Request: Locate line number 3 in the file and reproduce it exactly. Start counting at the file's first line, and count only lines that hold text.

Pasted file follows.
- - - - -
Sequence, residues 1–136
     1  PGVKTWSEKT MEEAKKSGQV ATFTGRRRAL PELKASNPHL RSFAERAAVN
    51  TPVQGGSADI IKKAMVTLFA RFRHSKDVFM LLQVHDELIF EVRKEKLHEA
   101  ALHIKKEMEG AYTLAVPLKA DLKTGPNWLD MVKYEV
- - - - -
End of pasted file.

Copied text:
    51  TPVQGGSADI IKKAMVTLFA RFRHSKDVFM LLQVHDELIF EVRKEKLHEA